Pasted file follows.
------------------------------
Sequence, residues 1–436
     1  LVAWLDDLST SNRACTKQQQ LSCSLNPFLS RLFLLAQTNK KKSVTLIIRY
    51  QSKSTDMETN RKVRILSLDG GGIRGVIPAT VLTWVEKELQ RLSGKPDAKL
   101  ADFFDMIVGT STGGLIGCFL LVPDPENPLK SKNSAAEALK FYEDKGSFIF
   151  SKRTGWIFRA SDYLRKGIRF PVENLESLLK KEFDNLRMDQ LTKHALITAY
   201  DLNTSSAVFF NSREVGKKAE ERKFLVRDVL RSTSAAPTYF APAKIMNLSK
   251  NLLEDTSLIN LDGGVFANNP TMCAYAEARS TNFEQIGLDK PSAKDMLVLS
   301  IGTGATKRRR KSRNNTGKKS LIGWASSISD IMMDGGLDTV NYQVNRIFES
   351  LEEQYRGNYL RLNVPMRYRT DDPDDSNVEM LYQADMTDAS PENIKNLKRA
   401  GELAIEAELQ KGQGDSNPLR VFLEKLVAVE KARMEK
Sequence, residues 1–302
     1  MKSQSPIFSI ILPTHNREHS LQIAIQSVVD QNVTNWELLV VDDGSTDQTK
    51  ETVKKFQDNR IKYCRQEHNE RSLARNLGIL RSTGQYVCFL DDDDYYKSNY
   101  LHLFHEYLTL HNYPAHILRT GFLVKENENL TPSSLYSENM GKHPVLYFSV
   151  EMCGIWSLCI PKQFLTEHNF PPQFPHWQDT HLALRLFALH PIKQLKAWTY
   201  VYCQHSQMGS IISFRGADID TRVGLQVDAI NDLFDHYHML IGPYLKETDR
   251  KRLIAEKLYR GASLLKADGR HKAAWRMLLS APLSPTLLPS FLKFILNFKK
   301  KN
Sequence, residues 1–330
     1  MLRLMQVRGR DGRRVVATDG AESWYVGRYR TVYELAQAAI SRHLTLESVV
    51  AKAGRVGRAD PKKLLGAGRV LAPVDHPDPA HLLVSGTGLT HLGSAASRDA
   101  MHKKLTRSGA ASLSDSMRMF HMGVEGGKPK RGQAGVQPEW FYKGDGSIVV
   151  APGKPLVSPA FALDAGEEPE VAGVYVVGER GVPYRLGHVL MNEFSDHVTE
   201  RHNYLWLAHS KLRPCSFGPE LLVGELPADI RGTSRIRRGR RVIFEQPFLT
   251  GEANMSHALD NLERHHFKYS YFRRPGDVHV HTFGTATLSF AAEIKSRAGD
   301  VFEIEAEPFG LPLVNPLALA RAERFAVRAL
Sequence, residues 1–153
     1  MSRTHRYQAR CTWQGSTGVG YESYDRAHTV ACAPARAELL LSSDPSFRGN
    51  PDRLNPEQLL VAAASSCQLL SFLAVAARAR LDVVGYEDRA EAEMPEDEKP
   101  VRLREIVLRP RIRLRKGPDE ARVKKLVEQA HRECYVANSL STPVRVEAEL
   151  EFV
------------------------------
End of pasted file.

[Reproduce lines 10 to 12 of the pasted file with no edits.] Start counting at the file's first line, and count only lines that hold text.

   401  GELAIEAELQ KGQGDSNPLR VFLEKLVAVE KARMEK
Sequence, residues 1–302
     1  MKSQSPIFSI ILPTHNREHS LQIAIQSVVD QNVTNWELLV VDDGSTDQTK